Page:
September 21, 2007
Dr. Steven Weisbart, CLU
Vice President and Chief Economist
Premium rates for individual term life insurance in 2008 are expected to drop, on average, about 1 percent from where they are in 2007, after many years of larger year-to-year reductions.
The generally downward trend began several decades ago. Since 2000, term insurance rates dropped about 4 percent per year on average, following an average annual 15 percent drop from 1994-1999. The effect of these drops drove the lowest rates available in 2007 to less than half of what they had been a dozen years earlier.
The I.I.I. estimates that, for example, the annual premium for a 40-year-old male nonsmoker buying a $500,000 20-year level term life insurance policy in 2008 will be about $725 if he qualifies as a “standard” risk and $350 if he meets the more stringent requirements of a “preferred” risk. Rates for women and younger people would be lower. For example, the comparable rate for a 40-year-old female nonsmoker would be about $600 for a standard risk and $300 for a preferred risk.
Premiums for smokers buying term life insurance will be higher than for nonsmokers. For example, for the same $500,000 20-year level term life insurance policy in the examples above, a 40-year-old male smoker who otherwise qualifies as a preferred risk would pay about $1,400 (or about $1,775 if he qualifies as a standard risk). Comparable premiums for a female smoker who otherwise qualifies as a preferred risk are $1,000 or $1,350 for a standard risk. These premiums are virtually unchanged from last year.
Most parents with young children buy term life insurance: A 2005 study by LIMRA International showed that, of those who bought life insurance in 2003, 72 percent of married couples and 66 percent of single parents bought term. This provides the highest protection amount for a given premium dollar. In married-couple households without children, about half buy term and half buy permanent policies. In other households without children, 7 in 10 buy permanent life insurance, with traditional whole life the most common (41 percent of households in this category).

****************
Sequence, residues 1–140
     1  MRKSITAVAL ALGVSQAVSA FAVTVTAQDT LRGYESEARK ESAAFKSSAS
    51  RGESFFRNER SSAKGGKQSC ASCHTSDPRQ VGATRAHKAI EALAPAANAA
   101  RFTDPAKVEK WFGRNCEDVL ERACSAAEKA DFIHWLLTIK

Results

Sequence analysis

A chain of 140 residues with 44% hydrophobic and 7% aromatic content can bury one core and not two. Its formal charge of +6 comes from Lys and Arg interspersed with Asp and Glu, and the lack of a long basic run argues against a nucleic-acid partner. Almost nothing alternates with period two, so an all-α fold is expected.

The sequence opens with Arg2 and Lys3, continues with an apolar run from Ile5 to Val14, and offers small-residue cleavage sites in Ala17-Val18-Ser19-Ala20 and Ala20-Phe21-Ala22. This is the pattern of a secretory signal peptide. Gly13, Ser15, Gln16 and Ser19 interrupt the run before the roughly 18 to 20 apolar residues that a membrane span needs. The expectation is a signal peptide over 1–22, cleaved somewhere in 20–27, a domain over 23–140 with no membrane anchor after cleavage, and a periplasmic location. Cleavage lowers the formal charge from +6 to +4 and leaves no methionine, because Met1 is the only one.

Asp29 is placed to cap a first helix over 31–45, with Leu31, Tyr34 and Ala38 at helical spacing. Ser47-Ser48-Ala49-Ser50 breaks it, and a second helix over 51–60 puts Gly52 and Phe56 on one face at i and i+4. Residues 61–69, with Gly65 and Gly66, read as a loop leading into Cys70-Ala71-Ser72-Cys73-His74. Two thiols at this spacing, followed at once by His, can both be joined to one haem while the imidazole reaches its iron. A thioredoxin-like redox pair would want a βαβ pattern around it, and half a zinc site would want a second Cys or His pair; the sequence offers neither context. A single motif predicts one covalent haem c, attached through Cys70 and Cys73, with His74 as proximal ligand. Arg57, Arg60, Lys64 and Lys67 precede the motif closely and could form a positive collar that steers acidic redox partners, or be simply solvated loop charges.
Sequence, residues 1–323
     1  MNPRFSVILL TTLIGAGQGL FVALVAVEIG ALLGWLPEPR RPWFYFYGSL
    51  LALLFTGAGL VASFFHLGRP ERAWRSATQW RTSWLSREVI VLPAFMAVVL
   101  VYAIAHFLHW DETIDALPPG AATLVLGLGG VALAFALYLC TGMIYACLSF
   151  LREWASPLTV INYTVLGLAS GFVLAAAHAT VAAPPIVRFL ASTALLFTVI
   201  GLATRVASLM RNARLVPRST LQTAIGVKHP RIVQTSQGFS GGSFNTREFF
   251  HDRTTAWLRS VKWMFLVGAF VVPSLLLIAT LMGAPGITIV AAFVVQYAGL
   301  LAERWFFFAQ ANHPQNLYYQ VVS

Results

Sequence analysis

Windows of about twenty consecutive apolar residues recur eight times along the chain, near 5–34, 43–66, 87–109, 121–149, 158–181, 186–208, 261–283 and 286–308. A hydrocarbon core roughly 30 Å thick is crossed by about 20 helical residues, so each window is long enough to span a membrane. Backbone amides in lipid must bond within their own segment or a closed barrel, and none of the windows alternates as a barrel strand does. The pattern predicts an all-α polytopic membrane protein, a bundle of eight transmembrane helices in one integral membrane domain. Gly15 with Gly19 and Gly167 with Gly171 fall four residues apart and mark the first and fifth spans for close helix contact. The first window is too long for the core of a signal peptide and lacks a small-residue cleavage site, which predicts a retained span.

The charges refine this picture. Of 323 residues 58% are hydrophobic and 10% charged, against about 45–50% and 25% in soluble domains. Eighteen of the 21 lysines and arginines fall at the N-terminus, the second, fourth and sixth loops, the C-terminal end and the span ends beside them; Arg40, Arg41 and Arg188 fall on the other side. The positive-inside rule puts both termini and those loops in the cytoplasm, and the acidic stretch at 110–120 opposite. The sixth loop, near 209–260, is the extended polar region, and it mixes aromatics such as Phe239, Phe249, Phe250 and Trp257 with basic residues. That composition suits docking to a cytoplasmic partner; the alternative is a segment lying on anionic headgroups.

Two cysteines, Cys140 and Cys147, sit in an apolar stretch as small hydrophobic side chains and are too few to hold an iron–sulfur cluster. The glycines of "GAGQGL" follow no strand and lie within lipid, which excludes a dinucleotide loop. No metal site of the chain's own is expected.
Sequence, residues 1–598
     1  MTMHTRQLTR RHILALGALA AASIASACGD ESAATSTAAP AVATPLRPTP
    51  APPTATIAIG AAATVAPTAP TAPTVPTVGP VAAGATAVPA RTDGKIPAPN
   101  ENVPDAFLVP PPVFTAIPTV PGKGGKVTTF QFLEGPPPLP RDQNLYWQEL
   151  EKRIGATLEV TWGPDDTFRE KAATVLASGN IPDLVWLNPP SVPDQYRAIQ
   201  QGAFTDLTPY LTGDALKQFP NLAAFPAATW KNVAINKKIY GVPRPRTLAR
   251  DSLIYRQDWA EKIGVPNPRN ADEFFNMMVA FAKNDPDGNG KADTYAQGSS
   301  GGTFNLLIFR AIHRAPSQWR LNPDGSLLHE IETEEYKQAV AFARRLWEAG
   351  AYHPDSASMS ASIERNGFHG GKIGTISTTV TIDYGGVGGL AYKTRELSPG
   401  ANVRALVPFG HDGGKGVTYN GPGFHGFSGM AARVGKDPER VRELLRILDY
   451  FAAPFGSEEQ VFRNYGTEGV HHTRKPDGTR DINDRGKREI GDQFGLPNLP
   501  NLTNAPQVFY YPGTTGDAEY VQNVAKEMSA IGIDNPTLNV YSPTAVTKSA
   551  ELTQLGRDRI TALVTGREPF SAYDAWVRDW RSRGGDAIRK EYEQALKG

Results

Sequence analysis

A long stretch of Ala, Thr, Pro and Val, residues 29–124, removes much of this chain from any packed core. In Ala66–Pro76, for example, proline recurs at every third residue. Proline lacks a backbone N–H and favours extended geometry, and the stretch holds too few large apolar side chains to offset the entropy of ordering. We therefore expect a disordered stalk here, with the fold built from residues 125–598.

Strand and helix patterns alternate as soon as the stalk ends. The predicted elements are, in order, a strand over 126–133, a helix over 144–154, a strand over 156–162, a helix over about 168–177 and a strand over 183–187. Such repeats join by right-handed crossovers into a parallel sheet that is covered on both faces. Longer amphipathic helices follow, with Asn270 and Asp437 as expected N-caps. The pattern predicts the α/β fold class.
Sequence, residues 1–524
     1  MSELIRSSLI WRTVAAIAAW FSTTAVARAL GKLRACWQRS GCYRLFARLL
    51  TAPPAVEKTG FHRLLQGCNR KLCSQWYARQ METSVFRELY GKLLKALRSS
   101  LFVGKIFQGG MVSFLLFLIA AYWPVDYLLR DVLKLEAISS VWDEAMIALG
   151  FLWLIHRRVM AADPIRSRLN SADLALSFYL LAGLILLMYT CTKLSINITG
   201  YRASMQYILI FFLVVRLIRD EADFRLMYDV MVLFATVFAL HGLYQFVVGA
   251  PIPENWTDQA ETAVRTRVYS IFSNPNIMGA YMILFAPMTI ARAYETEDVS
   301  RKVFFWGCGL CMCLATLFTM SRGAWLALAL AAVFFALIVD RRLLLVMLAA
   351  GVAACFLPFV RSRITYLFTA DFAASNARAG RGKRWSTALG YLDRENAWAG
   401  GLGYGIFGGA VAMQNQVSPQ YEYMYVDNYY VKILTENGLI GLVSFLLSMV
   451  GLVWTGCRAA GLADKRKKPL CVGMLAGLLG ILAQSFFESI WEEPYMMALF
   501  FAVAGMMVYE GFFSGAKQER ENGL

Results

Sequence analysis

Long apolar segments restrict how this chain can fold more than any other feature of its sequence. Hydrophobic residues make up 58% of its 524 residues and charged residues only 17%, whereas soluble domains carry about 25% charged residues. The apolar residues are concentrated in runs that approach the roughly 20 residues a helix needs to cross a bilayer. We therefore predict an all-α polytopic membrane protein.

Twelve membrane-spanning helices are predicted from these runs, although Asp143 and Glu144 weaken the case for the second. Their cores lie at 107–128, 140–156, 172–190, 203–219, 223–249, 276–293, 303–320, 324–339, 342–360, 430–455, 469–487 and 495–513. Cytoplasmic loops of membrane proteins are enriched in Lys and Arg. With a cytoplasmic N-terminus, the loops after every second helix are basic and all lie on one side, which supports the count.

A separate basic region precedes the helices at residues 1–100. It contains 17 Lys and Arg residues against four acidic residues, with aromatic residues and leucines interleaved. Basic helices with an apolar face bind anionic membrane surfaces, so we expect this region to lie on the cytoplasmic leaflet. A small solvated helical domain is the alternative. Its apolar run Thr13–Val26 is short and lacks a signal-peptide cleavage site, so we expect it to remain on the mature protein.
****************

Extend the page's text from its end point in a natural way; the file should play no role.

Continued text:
Premiums for traditional whole life insurance and its more variable brethren (universal life and variable universal life) are influenced by expected investment returns as well as by the same forces that affect term rates. However, a year ago many experts were forecasting increases in long-term interest rates that did not occur. The lower interest rates that did occur offset the effects of mortality improvement for premium rates for permanent life insurance policies. For the rest of this year and 2008, the latest monthly median forecast published by Blue Chip Economic Indicators is for long-term interest rates to stay about where they are now, implying little change in rates for permanent life insurance policies in 2008.
Mortality Improvements. Much attention has been focused in recent years on the increase in life expectancy of people reaching, or living for a long time in, retirement. But death rates at the main life-insurance-buying ages have been coming down significantly, also. For example, the age-adjusted death rates per 100,000 population dropped between 2003 and 2004—the latest data available—for the main life-insurance-buying age groups as follows:
Greater Efficiency. The industry is also more operationally efficient now; for example, as a percent of total premiums, home- and field-office expenses dropped from 10.1 percent in 1995 to 9.0 percent in 2005, according to I.I.I. calculations based on ACLI data. This drop is due, in part, to mergers and in part to technology investments. In fact, these two developments reinforce each other, as the greater scale that mergers provide both creates the opportunity for the merged whole to adopt the best practices of, and eliminate duplication in, the previously separate companies, and it also helps justify investments in technology that create additional efficiencies. Continued merger and acquisition activity in the industry is expected in 2008.